Fortune: Gen-Xers Take the Cake for Indebtedness

Thursday, 28 Aug 2014 06:16 PM

By Michelle Smith

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Generation X  is a small group sitting on a mountain of debt, says Fortune.

According to Time, Gen-Xers are the most glum generation after the recession, and perhaps with good cause. Compared to millennials and baby-boomers, Generation X has a gloomier financial situation. 

Gen-Xers have taken on more debt than any other generation. And 44-year olds are the most indebted people of all, owing an average of $142,077, most of which is mortgage debt, revealed a new study by Federal Reserve Bank of St. Louis economists William Emmons and Bryan Noeth.

Editor’s Note: Retire 10 Years Earlier With These 4 Stocks

By comparison, the average household debt of the 1956 baby-boomer cohort was $88,553, adjusted for inflation, in
the first quarter of 2000, (when they would also have been age 44), Fortune says the economists noted. 

To their credit, Generation X has made some progress paying off its debts, reducing what they owe by between 10% and 15% since 2008. But they are reducing their debt slower than other generations.

Generation Y has aggressively paid down over 25% of what they owed in 2008.

Generation X's debt issues may be partly attributed to their income, as they are not making much more than their elders. Average real household income of the 1970 cohort was only about 5 percent higher than that of the 1956 cohort, the economists noted.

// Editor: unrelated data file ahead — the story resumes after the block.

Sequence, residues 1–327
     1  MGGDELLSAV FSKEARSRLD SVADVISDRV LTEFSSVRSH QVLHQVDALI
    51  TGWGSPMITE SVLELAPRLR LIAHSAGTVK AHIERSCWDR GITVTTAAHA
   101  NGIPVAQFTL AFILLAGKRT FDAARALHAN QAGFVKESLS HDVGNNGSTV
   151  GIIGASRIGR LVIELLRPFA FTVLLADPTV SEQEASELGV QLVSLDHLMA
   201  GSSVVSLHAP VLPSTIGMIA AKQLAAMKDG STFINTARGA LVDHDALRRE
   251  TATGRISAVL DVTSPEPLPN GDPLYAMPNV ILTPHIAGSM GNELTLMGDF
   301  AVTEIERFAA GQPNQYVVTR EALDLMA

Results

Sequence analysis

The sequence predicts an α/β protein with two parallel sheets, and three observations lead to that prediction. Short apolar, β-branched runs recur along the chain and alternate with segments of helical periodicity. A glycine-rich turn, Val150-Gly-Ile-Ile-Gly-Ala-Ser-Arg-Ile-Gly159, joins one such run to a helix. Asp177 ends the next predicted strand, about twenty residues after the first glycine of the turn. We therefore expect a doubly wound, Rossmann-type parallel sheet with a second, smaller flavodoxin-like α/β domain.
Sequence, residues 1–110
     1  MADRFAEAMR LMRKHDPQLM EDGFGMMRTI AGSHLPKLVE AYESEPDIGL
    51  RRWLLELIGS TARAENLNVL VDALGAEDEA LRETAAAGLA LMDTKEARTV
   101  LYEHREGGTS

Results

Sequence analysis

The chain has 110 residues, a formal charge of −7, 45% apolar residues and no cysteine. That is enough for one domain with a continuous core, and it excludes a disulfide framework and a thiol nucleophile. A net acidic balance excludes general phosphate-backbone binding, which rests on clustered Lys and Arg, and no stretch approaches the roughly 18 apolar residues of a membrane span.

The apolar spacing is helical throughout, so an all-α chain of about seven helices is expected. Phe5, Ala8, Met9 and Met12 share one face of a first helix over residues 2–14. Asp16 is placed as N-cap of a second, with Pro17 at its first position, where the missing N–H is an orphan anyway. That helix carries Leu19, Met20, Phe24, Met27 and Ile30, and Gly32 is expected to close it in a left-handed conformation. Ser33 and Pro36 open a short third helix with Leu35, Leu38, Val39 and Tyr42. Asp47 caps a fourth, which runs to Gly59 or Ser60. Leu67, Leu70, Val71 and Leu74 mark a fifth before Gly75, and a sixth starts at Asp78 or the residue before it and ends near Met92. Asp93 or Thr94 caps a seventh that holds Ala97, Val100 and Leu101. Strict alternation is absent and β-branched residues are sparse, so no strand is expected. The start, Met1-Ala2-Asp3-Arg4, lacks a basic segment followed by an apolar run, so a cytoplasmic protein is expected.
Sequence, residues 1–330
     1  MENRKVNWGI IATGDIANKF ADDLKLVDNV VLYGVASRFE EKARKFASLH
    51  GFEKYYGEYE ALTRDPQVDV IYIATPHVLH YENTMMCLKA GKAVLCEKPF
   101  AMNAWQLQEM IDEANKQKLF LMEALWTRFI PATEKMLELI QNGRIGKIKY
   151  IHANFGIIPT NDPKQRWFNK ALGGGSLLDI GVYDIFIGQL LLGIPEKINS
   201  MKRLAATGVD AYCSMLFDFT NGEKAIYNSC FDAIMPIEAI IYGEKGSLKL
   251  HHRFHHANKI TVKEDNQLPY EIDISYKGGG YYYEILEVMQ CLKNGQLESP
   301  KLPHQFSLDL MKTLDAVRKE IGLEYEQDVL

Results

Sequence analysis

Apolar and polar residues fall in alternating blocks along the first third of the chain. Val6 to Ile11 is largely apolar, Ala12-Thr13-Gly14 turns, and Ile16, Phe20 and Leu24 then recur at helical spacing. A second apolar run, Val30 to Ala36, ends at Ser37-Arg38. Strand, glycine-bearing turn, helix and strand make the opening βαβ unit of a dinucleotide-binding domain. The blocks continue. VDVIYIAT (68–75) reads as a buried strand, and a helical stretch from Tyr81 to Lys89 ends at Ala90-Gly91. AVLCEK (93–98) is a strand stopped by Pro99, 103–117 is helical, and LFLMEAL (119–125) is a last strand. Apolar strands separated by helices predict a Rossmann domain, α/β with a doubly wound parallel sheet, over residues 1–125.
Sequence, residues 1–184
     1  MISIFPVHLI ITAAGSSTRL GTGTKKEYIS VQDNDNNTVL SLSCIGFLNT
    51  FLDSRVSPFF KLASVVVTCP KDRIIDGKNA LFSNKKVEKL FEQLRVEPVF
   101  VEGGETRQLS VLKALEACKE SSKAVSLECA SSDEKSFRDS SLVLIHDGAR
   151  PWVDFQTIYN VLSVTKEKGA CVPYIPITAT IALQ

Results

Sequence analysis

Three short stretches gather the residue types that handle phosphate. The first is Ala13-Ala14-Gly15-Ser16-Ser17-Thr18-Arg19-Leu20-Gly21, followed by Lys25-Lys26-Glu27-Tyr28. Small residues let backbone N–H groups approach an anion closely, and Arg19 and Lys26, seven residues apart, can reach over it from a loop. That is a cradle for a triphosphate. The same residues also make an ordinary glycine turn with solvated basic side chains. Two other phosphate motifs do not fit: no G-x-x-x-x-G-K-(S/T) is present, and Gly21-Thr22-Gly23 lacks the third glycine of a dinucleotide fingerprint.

Gen-X came of age during the 1990s, a period of prosperity, and the Great Recession struck right in the middle of their lives. 

To experience a recession at that time in a life course can be difficult,” explained Diana Elliott, research manager for financial security and mobility at Pew Charitable Trust.

They are critical years in a career, and many were at the age to be first-time home buyers — so many bought during the bubble, or were just about to purchase a home when the bubble burst,” she told Fox Business.

According to Pew, Generation X suffered the severest effects of the Great Recession.

We found that between 2007 and 2010, they lost 45% of their wealth — and they already had the lowest amount of wealth prior to the recession. But their median net worth dropped from $75,000 to $42,000, so many have experienced economic shock,” Elliott said.

Gen-Xers  have about six times more debt than their predecessors,” she added. “There is just a lot more debt and it makes it hard to prepare for retirement.”

People ages 36 to 49 are the least likely to say they have recovered from the financial crisis. They are most likely to say they will have a harder time reaching financial security than their parents.  And Gen X also is far more likely to strongly believe that Social Security will not be there for them leaving them to rely on their own resources, Time says the latest Transamerica Retirement Survey found. 

Editor’s Note: Retire 10 Years Earlier With These 4 Stocks

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